“Airlines were initially social media punching bags when these tools first came out; complaining was a way to get attention when call centers took forever to resolve a problem,” says Serial Marketer’s David Berkowitz. “Now that novelty is gone, and airlines' satisfaction ratings have generally risen for the past decade. That means airlines have been able to do more to promote their brand and not just defend it from attack.”
Airline industry social media teams are growing, as are social media budgets, in an investment strategy that is emblematic of the way airlines are trying to connect with customers outside of “traditional” marketing.
Of course, airlines are far from alone in relying heavily on social media to engage and retain customers. The dining and hospitality industries in particular share a dedication to customer care and review response. But the airline industry is unique in the sheer volume of social interactions it processes, and the real-time nature of the requests customers make through social media.
How many requests would that be, exactly?
Well, according to The Atlantic, JetBlue Airways now makes contact with more than 20 people per hour. American Airlines receives more than 4,500 mentions per hour — 70 to 80 percent of them on Twitter.
“In this industry more than any other, changes happen moment to moment and these changes have a significant impact on flyers,” says Brandy Kemp, senior director at Merkle, a performance marketing agency that serves many major airlines, including United Airlines. “Delayed flights, canceled flights, and overbooked aircraft all continually impact flyers. The good news is that travelers and airlines have many two-way communication tools – Twitter, Facebook, Snapchat – to not only resolve issues but to turn naysayers into evangelists.”
But the need to translate public Twitter ire into productive private discourse is a relatively recent phenomenon. As user engagement with social media evolved dramatically over the past decade, airlines’ use of social platforms has shifted in tandem.
“Travel is woven into the fabric of the world – as is social media,” says Maggie Schmerin, managing director, social & digital media at United Airlines, citing the vast increase in consumer time spent with social media over the past decade. “So [of course] it plays an increasingly important role at a company like United.”
From Twitter to TikTok: How evolving social platforms shift strategy
Airlines embraced social media fairly early: Delta issued its first tweet in 2007, back when Twitter was a nascent platform used mostly for telling friends what you had for lunch.
Social platforms proliferated over the next decade, a 10-year period that has seen the advent of Instagram, Snapchat, WeChat, and TikTok, among others. Consumers today interact with businesses via more platforms — and more often — than ever. This is true across industries, but airlines feel the impact perhaps most profoundly due the increase in volume of social interactions they’ve seen over the past decade.
“Most industries do not manage over the course of a month what airlines now face in a day,” Kemp says. “The coordination of large teams empowered to help flyers takes major commitment from airlines.”
In order to accommodate this growth in interactions, social teams have grown larger over the past five years. Airlines often staff social media customer-support teams with long-time employees who understand the carriers’ existing systems for rebooking flights and solving similar problems. The changes in staffing levels are stark: Three years ago, social media teams with less than five people were found in over 60 percent of the airlines, according to research from SimpliFlying; In 2019, this number dropped to around 30 percent.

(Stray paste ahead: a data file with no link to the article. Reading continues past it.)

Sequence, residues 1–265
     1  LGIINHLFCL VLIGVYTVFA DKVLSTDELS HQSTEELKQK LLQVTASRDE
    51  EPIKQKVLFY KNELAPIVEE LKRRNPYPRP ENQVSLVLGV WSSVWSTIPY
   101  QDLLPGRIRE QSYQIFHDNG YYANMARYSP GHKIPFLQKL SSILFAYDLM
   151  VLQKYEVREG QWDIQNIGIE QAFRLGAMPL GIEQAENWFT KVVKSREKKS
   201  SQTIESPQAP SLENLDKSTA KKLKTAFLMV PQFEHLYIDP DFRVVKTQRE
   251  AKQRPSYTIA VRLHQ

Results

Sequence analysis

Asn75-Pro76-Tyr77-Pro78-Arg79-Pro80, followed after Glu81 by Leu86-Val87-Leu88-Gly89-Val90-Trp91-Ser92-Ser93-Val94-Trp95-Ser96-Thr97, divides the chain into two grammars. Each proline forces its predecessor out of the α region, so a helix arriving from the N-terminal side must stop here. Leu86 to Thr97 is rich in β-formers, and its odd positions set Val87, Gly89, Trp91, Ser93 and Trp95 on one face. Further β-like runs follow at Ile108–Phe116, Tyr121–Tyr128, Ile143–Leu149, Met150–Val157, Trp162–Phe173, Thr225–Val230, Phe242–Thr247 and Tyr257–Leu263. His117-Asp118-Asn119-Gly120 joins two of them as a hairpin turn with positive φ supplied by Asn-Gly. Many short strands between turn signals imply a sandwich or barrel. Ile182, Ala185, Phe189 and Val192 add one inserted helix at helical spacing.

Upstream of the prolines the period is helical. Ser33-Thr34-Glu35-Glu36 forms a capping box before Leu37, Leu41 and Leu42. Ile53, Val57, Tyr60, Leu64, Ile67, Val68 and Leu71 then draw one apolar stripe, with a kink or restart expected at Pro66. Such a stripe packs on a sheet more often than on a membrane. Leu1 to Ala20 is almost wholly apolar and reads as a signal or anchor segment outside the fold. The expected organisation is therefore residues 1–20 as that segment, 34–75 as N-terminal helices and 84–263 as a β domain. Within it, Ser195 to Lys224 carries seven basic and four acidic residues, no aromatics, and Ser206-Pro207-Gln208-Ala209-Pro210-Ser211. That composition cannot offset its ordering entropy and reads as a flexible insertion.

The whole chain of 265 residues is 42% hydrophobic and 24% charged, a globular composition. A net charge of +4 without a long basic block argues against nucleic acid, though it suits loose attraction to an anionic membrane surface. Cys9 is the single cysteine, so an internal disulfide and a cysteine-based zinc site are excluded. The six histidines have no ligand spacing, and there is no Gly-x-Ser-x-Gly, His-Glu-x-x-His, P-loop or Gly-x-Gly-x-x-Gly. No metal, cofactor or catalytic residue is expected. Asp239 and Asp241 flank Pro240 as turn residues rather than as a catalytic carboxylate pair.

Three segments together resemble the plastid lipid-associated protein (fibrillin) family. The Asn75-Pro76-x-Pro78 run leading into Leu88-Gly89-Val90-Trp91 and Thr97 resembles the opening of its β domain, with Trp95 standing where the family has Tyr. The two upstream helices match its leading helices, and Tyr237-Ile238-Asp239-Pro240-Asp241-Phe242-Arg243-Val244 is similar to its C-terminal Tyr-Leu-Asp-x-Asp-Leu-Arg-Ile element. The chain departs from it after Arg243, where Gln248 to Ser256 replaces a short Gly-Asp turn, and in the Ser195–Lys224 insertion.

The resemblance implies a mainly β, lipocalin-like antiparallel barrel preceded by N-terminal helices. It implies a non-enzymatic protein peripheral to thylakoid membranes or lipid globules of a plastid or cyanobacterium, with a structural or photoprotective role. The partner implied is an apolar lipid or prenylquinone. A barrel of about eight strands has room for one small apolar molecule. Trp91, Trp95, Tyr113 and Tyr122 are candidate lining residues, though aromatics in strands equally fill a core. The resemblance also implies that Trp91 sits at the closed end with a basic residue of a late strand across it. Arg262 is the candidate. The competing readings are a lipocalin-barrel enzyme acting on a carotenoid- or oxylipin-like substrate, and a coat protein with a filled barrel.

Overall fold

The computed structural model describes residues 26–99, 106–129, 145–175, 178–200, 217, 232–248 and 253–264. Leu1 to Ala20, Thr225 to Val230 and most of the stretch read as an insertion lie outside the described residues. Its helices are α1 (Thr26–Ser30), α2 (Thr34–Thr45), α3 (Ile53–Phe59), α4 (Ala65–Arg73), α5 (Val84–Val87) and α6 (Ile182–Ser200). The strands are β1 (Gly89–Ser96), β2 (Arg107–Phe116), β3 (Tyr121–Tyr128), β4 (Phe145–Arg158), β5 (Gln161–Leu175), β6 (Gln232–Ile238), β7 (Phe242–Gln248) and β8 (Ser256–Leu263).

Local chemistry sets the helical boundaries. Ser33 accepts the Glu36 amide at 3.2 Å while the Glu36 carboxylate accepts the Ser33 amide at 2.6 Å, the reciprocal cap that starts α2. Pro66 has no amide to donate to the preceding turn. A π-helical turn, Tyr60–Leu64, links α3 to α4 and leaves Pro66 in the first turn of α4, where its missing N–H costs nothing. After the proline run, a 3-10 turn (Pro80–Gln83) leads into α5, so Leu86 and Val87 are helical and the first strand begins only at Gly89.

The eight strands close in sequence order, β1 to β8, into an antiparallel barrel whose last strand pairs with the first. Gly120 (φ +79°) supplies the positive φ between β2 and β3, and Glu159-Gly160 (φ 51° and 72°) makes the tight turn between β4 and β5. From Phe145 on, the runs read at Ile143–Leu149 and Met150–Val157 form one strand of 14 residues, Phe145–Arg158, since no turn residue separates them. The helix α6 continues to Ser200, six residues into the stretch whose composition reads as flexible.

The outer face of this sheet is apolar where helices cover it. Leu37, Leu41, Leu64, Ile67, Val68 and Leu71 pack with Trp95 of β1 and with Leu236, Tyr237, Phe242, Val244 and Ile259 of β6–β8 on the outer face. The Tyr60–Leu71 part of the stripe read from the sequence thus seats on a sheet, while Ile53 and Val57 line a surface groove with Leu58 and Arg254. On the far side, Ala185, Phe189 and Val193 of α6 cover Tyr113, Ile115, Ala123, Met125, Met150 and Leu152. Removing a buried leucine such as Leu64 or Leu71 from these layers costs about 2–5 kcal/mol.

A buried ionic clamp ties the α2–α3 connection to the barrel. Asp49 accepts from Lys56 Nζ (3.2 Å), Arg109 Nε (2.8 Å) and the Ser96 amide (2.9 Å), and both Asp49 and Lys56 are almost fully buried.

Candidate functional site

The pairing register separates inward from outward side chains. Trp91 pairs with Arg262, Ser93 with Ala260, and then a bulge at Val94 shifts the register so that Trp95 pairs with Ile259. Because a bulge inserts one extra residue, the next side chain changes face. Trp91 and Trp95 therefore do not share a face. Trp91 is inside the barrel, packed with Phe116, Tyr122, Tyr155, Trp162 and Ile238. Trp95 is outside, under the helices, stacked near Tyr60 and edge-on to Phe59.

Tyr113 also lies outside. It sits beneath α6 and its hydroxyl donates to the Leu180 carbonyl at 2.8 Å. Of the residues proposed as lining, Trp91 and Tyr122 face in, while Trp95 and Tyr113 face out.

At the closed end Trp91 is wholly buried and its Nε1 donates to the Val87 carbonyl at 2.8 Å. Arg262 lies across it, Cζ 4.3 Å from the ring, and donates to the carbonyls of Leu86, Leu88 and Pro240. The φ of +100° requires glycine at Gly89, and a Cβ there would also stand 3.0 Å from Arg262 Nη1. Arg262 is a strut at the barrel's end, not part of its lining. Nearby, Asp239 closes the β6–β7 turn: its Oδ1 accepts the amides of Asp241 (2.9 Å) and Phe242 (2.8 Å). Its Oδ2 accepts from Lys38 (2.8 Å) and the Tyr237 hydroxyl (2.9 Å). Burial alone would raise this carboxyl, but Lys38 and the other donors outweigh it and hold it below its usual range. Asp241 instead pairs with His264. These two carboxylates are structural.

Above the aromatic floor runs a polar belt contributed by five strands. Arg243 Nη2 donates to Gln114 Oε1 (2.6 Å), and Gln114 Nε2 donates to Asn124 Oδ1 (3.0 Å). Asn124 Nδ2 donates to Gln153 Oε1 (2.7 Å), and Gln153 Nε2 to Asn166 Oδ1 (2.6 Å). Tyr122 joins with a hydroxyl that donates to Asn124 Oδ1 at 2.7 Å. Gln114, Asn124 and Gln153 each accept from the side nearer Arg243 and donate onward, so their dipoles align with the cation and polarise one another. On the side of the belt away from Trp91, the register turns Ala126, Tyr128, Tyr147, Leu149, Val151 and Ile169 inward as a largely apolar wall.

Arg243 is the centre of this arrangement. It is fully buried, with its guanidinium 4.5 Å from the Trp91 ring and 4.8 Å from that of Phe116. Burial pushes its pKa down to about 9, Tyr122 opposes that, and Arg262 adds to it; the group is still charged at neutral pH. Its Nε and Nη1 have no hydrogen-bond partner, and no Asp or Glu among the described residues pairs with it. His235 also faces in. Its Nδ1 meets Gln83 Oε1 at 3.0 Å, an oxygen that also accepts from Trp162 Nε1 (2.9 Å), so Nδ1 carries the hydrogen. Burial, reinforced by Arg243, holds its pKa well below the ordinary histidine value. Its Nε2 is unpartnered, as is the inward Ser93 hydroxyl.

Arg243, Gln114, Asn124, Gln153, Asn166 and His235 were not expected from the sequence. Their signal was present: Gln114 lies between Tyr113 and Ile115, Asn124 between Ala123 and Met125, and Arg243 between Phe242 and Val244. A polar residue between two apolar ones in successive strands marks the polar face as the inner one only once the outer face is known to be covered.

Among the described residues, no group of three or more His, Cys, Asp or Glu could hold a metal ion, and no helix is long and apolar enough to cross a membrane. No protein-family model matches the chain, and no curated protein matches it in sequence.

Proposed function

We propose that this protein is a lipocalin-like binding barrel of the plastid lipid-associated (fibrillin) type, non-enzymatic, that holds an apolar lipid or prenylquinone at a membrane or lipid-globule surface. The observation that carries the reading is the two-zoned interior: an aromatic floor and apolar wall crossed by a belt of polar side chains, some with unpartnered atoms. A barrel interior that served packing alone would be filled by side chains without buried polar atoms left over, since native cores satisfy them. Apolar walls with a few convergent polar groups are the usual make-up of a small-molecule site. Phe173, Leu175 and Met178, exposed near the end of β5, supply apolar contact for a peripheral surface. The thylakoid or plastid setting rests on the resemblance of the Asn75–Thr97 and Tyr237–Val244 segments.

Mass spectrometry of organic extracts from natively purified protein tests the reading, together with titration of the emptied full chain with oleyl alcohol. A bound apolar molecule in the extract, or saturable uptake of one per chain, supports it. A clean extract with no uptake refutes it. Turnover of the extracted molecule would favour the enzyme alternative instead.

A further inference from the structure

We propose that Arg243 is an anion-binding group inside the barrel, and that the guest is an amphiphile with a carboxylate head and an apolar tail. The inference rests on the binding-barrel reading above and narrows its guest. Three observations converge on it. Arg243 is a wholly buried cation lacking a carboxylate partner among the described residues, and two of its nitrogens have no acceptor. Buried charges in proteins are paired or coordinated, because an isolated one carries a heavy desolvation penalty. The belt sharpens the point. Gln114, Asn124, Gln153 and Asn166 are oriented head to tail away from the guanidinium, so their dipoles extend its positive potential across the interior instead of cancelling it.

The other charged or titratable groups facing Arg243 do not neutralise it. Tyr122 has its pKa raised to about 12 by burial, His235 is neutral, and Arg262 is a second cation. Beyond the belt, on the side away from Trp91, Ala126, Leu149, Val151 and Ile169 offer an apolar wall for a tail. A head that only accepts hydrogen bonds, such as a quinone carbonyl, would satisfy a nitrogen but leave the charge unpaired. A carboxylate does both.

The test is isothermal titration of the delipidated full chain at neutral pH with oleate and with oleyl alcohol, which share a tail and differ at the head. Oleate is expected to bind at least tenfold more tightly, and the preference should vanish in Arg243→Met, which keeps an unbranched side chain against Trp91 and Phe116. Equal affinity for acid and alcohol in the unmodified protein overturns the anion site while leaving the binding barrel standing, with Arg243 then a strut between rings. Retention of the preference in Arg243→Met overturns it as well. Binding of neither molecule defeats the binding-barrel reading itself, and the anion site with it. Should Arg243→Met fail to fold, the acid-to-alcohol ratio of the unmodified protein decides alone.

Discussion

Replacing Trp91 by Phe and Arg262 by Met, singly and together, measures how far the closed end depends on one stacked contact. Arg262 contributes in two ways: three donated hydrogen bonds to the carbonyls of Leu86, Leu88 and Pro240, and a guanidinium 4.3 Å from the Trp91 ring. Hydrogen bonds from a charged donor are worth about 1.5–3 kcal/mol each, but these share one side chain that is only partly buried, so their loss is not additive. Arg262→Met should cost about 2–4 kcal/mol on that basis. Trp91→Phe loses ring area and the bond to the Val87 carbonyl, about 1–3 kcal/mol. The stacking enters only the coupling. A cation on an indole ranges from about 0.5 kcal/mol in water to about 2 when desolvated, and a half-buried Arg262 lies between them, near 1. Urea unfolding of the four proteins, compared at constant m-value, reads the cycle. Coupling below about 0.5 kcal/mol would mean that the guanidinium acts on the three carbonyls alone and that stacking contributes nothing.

“Every major airline [now] has a team like this,” Alexis C. Madrigal writes for The Atlantic. “Southwest runs what it calls a ‘Listening Center.’ American Airlines calls it their ‘social-media hub’ in Fort Worth, Texas. Alaska has a ‘social care’ team in Seattle that responds to the average tweet for help in two minutes and 34 seconds, according to a report by Conversocial.”
In addition to a change in the sheer volume of requests airlines must process, the past decade has seen a profound evolution in the way consumers interact with airlines’ content on different platforms. The early days of Instagram were marked by real-time posting of static images. (Check out these early images, and it’s impossible to miss the contrast with Instagram today.) But over the past several years, the advent of Stories and the proliferation of influencer content has lent the platform a polished feel and made it a destination for “aspirational” content. Airlines must pay attention to these small evolutions in order to understand what kind of content is likely to resonate and on which platforms it can drive engagement.
“The use of social channels for airlines mirrors broader usage,” explains David Berkowitz, a consultant and industry expert at Serial Marketer. “Facebook has become much more important for advertising, but less so for spreading content. Twitter has leveled off, but monitoring conversations there is as important as ever. Instagram is a very powerful channel for spreading branded content and telling stories. Snapchat hasn't been quite as critical for airlines, and TikTok is going to skew younger too. LinkedIn is one of the more interesting channels given how airlines can reach business travelers and corporate travel managers.”
Essentially, the evolution of the way consumers use these platforms shifts how airlines approach them. If customers are more likely to engage with an airline’s ad on Facebook but would rather look to Instagram for inspirational content — perhaps by liking or resharing aesthetically appealing travel shots — airlines must use this knowledge to deploy the right content in the right places. That’s why we see more advertising content on Facebook, where ad impressions overall increased 37 percent in 2019, and more playful, fun content and filters on Snapchat. Likewise, airlines know that aggravated customers are often most likely to take their frustrations to Twitter. (For the most part, airlines aren’t yet active on TikTok — but we’ll see.)